var oVersionInfo = {
  identifier: "FormCalcFromJavaScript",
  assetType: "fragment",
  description: "JavaScript access to FormCalc built-in functions.", 
  currentVersion: 2,

Some interesting things to note:

  • The same script object is used to describe both fragments and forms.
  • The variable must be named “oVersionInfo” in order to be detected by the version checking mechanism.
  • A form that uses multiple fragments will have several of these “oVersionInfo” variables embedded.


Having version information in the form is the first step.  The second step is to have a central location to store the up to date version information. To this end, I’ve posted an "inventory" at:

The inventory will be used to compare the version information in a given form against the most recent available. The xml for the inventory looks very similar to the JavaScript object:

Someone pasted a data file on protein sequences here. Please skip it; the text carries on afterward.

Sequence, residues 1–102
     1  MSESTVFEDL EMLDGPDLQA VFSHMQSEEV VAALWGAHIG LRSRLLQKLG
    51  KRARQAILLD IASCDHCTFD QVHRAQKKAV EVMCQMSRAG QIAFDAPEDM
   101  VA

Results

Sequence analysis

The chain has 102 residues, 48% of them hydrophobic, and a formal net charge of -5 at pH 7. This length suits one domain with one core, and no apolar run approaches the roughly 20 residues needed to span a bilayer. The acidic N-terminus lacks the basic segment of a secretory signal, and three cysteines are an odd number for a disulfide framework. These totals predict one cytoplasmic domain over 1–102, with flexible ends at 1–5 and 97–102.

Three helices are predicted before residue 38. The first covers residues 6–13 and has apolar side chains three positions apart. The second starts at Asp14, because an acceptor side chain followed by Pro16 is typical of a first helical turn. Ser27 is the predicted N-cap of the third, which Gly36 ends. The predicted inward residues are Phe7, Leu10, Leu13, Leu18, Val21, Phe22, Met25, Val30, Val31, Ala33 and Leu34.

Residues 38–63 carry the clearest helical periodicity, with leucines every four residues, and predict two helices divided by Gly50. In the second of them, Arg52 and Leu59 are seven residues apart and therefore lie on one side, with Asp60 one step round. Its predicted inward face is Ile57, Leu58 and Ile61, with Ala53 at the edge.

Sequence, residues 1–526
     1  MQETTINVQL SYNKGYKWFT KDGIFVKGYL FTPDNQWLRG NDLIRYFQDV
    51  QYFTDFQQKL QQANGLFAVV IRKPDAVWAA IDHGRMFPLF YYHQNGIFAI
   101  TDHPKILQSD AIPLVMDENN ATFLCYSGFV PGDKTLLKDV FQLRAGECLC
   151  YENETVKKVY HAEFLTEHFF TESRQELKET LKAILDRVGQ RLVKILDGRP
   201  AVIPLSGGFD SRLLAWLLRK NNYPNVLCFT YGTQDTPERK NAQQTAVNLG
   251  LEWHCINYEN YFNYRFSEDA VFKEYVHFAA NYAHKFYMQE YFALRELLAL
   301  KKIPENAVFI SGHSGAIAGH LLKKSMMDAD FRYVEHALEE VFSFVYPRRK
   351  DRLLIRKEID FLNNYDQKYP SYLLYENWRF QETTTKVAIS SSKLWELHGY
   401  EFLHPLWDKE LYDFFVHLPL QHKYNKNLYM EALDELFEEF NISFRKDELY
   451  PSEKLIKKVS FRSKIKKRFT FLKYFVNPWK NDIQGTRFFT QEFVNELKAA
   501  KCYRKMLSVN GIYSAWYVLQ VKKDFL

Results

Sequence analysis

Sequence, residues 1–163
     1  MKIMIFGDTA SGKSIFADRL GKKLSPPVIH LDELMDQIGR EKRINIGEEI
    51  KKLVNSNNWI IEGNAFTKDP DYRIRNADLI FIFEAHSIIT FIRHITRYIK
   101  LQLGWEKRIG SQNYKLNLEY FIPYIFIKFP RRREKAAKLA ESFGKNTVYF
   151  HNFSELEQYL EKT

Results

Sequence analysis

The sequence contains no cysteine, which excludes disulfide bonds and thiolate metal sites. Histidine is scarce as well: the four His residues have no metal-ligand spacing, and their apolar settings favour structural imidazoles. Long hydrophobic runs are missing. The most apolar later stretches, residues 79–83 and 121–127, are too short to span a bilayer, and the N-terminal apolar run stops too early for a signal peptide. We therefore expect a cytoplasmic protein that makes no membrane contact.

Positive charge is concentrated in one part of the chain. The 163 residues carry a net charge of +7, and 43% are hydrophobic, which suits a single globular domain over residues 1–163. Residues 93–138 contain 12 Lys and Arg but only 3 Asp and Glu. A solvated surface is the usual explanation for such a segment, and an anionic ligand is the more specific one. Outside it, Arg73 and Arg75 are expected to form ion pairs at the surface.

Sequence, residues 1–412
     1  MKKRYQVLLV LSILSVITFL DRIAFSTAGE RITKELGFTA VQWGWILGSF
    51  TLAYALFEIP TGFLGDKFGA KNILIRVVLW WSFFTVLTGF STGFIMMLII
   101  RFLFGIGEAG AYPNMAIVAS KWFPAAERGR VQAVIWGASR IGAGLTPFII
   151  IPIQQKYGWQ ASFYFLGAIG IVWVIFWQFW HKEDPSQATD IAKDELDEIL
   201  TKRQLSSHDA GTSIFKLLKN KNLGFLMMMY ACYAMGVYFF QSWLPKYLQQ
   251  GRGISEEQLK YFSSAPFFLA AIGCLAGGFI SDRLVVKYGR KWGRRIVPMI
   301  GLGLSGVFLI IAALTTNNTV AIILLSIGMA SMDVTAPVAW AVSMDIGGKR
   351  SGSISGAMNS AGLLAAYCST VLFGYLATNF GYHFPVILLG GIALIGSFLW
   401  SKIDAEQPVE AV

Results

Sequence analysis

<inventory xmlns="">
    <description>Compare version info to the latest</description>

    <description>Support for FormCalc functions</description>

    <description>Handle exception objects</description>

    <description>Demonstrates how to call FC from JS.</description>

Phone Home

Now to put it all together.  We need some script to check whether a form has the most recent versions of all its content.

The first step is to update the sample from the “FormCalc from JavaScript” entry.  I added support for FormCalc’s Get() function.   In order to retrieve the inventory, the form performs a call:


(Acrobat/Reader will warn you about this request)